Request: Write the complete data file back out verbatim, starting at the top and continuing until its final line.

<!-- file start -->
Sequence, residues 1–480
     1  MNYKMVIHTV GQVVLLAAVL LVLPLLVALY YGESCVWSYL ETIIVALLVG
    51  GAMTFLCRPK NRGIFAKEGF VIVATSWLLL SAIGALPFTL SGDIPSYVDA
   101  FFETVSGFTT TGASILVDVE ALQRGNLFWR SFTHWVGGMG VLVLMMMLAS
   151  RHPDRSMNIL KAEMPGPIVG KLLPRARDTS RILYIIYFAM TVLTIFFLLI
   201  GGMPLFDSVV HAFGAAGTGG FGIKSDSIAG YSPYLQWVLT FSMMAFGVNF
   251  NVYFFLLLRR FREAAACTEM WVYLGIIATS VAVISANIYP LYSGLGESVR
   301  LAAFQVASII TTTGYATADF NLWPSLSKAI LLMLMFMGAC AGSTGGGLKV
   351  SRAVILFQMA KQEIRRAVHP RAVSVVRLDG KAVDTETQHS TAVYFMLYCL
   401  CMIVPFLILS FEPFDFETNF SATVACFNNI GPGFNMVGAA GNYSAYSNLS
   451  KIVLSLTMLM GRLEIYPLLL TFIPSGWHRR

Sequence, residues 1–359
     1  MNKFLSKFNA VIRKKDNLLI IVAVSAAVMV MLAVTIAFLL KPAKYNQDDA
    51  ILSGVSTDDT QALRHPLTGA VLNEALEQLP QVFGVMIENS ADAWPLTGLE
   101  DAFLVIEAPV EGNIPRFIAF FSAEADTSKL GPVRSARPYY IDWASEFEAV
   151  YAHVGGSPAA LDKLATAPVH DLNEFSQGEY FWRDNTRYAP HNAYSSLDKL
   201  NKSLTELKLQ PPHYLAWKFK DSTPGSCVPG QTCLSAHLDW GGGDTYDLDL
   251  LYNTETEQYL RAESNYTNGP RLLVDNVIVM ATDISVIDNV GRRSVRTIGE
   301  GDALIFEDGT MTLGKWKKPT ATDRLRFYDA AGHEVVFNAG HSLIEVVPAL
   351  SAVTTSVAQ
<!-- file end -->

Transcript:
Sequence, residues 1–480
     1  MNYKMVIHTV GQVVLLAAVL LVLPLLVALY YGESCVWSYL ETIIVALLVG
    51  GAMTFLCRPK NRGIFAKEGF VIVATSWLLL SAIGALPFTL SGDIPSYVDA
   101  FFETVSGFTT TGASILVDVE ALQRGNLFWR SFTHWVGGMG VLVLMMMLAS
   151  RHPDRSMNIL KAEMPGPIVG KLLPRARDTS RILYIIYFAM TVLTIFFLLI
   201  GGMPLFDSVV HAFGAAGTGG FGIKSDSIAG YSPYLQWVLT FSMMAFGVNF
   251  NVYFFLLLRR FREAAACTEM WVYLGIIATS VAVISANIYP LYSGLGESVR
   301  LAAFQVASII TTTGYATADF NLWPSLSKAI LLMLMFMGAC AGSTGGGLKV
   351  SRAVILFQMA KQEIRRAVHP RAVSVVRLDG KAVDTETQHS TAVYFMLYCL
   401  CMIVPFLILS FEPFDFETNF SATVACFNNI GPGFNMVGAA GNYSAYSNLS
   451  KIVLSLTMLM GRLEIYPLLL TFIPSGWHRR

Sequence, residues 1–359
     1  MNKFLSKFNA VIRKKDNLLI IVAVSAAVMV MLAVTIAFLL KPAKYNQDDA
    51  ILSGVSTDDT QALRHPLTGA VLNEALEQLP QVFGVMIENS ADAWPLTGLE
   101  DAFLVIEAPV EGNIPRFIAF FSAEADTSKL GPVRSARPYY IDWASEFEAV
   151  YAHVGGSPAA LDKLATAPVH DLNEFSQGEY FWRDNTRYAP HNAYSSLDKL
   201  NKSLTELKLQ PPHYLAWKFK DSTPGSCVPG QTCLSAHLDW GGGDTYDLDL
   251  LYNTETEQYL RAESNYTNGP RLLVDNVIVM ATDISVIDNV GRRSVRTIGE
   301  GDALIFEDGT MTLGKWKKPT ATDRLRFYDA AGHEVVFNAG HSLIEVVPAL
   351  SAVTTSVAQ